Op-ed: Climate Change Is Bringing Agriculture to the Arctic. Let’s Prioritize Food Sovereignty. | Civil Eats

Op-ed: Climate Change Is Bringing Agriculture to the Arctic. Let’s Prioritize Food Sovereignty.

Some see the northern part of the globe as a new agricultural frontier. It’s also an opportunity to protect Indigenous foodways and expand the agroecology movement.

farming in alaska (Photo courtesy of the Alaska Department of Natural Resources)

(Photo courtesy of the Alaska Department of Natural Resources)

Last December, while I was conducting research in Canada’s Northwest Territories, I found myself craving crunchy raw vegetables and paid $8 for a stalk of celery.

High-priced, low-quality produce and shelf-stable goods are common in the North, since much of the food available in stores there gets shipped from afar. When the pandemic strained some of those supply routes, northern governments, investors, and food producers began zeroing in on the question: Can we grow enough food in the North to feed the North?

And the answer is probably yes. Now more than ever, food production in the Arctic and boreal regions of the planet may be possible on a large scale.

Whereas climate change is threatening crop production and local food security in most other regions in the world, in the circumpolar north, scientists predict rising temperatures may enable expanded food production as the growing season gets warmer and longer.

And there is growing appetite for greening icy landscapes and churning out a harvest beneath the midnight sun. In Russia, for example, Chinese investors are developing large-scale soybean farms, and the state of Alaska is currently working to develop 100,000-plus acres of agricultural land through the Nenana-Totchaket project.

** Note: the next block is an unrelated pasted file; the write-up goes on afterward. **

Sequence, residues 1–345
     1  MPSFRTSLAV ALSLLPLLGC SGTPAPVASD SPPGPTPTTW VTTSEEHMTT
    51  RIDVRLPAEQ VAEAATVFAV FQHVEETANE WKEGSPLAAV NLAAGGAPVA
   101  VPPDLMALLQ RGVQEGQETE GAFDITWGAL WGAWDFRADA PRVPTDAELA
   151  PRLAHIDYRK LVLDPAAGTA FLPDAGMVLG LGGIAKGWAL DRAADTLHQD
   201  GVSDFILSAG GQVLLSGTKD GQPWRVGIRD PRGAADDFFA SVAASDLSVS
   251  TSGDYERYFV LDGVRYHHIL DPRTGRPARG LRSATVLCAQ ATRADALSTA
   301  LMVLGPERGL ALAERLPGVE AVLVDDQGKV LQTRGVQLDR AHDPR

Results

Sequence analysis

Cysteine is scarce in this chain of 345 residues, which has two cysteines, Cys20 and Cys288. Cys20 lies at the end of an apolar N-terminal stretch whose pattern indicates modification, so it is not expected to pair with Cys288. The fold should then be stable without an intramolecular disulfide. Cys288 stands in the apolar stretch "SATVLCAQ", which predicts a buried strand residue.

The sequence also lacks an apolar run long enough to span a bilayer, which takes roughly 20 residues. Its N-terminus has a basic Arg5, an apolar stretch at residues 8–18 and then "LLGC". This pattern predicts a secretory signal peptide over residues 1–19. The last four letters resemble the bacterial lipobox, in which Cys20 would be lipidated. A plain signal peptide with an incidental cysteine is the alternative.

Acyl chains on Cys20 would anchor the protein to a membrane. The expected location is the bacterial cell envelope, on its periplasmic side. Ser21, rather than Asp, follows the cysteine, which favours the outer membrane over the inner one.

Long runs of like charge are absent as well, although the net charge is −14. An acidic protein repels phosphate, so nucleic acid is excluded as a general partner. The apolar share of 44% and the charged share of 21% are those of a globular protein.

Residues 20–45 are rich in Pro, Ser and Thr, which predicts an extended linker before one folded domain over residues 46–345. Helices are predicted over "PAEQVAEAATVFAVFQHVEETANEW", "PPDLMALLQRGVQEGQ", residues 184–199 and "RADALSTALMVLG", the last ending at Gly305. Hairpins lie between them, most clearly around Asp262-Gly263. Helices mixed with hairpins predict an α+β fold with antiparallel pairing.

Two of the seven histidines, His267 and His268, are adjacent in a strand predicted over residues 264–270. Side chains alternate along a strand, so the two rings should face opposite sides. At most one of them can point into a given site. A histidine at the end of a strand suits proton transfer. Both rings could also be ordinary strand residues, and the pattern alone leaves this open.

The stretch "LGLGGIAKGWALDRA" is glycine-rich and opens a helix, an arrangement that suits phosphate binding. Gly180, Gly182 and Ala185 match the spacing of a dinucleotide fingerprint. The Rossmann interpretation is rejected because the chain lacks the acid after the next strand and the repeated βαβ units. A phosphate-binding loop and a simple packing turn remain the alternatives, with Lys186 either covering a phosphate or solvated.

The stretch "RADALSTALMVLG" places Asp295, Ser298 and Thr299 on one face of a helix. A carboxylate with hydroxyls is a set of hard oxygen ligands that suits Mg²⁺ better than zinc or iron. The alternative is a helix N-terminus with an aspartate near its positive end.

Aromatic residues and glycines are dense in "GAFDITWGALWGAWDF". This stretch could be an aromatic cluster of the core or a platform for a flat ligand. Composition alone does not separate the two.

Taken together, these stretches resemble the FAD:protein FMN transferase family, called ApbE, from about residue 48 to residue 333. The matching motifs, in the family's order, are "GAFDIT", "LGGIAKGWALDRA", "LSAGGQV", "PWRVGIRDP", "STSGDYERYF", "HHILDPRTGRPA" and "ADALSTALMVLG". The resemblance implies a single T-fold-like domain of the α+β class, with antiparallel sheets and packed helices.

The intergovernmental Arctic Council is exploring technological innovations to expand Arctic food production, and new ventures in aquaculture are taking stage. Arctic governments are also developing a range of policies and funding programs to support agricultural expansion. Some countries, such as Canada, Mongolia, and Russia, focus on the northward expansion of commercial agriculture, while others, such as Finland and Sweden, are prioritizing resilient farming systems like agroecology and organic agriculture.

“These well-intended but vague goals of expanding agricultural yield and economic impact may feed into the dominant model of corporate, industrialized agriculture—a model that comes with a host of problems.”

This focus on farming in the far North may sound like a silver lining to the climate crises, especially in a region of the globe where food insecurity is common and produce is often unaffordable. But the changes ahead also bring many potential challenges if we don’t look closely at how that farming takes place and to what end.

In an article recently published in the journal Agriculture and Human Values, my co-authors and I argue that agroecology is the framework that should guide the northward expansion of agriculture.

What worries me most are broad governmental commitments to northern agricultural development and the emphasis on production as the primary measure of success. These vague goals of expanding agricultural yield and economic impact, however well-intended, may inadvertently play into the dominant model of corporate, industrialized agriculture—a model that comes with a host of problems.

For one, there’s the issue of carbon storage—and the fact that farming the region could drive further atmospheric warming if we’re not careful. Most of the carbon in northern soils is stored in boreal peatlands, and only about 2 percent of these have been drained and farmed so far. Deforesting and converting this landscape to agriculture is predicted to result in 44 percent less soil carbon than in undisturbed soils. It could also likely impact downstream water quality and lead to biodiversity loss.